'We have committed a sin', says Russian Prime Minister Dmitry Medvedev amid doping row
Russia faces the possibility to be barred from all sporting competitions including the Tokyo 2020 after a key WADA committee recommended a four-year ban on the country.
Amid doping row, Russian Prime Minister Dmitry Medvedev on Thursday admitted that the country has committed a sin and urged the authorities to get tougher on doping problems.
Russia faces the possibility of being banned from all sporting competitions including the Tokyo 2020 after a key World Anti Doping Agency (WADA) committee recommended a four-year ban on the country for manipulating laboratory data.
In an annual televised question-and-answer session with TV journalists, Medvedev said that Russia should get serious about rooting out cheats.
"We do have a problem with doping and this is unacceptable," he said.
"We should adopt a tougher line on this matter, towards those taking the decisions on the use of these substances."
"Here we have committed a sin," he acknowledged, while adding "Are other countries without sin?"
Medvedev argued that athletes should not be punished for the mistakes of others while calling the Russian doping scandal an "endless anti-Russian TV series."
WADA is set to meet on Monday in Lausanne for the crucial executive committee meeting to discuss the recommended four-year ban.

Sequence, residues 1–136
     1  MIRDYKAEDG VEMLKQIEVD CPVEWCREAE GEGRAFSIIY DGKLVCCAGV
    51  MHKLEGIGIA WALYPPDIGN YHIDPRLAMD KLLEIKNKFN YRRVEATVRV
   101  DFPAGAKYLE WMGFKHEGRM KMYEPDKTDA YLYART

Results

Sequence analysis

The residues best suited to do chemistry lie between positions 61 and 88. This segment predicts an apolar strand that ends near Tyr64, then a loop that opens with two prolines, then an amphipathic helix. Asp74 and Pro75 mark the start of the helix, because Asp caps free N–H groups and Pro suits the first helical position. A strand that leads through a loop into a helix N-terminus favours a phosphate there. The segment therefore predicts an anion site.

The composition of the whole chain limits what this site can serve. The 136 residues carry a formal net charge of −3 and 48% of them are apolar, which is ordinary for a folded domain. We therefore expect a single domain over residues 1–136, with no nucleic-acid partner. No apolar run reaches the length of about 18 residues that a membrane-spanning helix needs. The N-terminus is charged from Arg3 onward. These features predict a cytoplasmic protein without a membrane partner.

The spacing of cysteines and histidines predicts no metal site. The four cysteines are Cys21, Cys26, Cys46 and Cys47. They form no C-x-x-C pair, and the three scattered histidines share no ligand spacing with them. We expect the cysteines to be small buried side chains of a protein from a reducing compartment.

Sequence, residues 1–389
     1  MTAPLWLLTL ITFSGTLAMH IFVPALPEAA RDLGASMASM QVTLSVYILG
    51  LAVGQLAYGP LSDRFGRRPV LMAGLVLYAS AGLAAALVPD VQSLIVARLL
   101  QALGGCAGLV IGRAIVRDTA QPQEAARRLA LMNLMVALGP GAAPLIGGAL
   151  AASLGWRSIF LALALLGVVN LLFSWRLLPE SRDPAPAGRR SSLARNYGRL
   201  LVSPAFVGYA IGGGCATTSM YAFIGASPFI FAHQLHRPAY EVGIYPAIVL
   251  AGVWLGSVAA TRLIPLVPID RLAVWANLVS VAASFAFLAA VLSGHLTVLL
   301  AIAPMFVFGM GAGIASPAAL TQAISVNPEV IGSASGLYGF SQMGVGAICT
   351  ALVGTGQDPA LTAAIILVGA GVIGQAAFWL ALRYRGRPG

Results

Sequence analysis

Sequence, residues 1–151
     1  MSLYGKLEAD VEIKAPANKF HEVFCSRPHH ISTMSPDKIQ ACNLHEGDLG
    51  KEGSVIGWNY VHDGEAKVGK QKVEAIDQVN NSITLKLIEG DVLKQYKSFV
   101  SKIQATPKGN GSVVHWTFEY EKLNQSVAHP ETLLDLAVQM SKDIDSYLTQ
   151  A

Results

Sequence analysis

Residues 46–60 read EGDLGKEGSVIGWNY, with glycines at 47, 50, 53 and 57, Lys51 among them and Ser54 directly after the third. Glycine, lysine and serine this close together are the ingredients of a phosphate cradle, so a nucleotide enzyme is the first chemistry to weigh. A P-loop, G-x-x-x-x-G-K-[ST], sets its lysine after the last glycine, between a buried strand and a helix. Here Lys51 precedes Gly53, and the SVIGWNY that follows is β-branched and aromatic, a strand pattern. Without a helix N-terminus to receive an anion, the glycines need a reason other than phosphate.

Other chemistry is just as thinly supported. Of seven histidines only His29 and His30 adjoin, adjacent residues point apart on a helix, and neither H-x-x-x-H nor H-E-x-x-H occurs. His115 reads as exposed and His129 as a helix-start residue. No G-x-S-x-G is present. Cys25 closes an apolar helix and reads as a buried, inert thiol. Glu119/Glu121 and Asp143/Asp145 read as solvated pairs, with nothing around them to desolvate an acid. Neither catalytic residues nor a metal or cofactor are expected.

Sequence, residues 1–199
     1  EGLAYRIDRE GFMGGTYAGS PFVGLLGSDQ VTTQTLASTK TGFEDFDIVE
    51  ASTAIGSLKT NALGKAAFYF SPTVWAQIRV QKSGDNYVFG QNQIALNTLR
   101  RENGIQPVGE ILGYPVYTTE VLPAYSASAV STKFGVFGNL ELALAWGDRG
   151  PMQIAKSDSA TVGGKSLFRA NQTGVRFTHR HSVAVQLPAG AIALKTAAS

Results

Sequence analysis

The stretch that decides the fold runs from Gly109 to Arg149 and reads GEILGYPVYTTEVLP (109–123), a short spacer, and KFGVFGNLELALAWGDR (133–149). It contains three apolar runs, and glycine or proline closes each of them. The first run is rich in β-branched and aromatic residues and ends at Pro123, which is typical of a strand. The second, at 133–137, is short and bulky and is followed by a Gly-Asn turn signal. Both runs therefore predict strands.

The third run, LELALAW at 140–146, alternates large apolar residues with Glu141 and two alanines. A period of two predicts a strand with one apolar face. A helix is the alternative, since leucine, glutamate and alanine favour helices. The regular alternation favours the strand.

WADA’s Compliance Review Committee (CRC) called for the proposed sanctions after the Russian Anti Doping Agency (RUSADA) was found to be non-compliant after the data handed over by the tainted Moscow laboratory was found to be "neither complete nor fully authentic".
The full disclosure of data was a key condition of Russia’s reinstatement in 2018 after a nearly three-year-long ban which was followed by the revelation of vast state-supported doping programs in the country.
The four-year ban was one of the several "strong proposed consequences" by CRC over Russia which is to start "on the date on which the decision that Rusada is non-compliant becomes final".
RUSADA’s chief Yury Ganus said last week that he expected WADA to uphold the recommendations as “that’s the reality”.
The recommendations are the latest in Russia’s doping saga which is being dragged since 2015 which found more than 1000 Russian athletes being benefited from the state-supported doping program in the period of 2011-2015, a period that included 2014 winter Olympics that were held in Russia.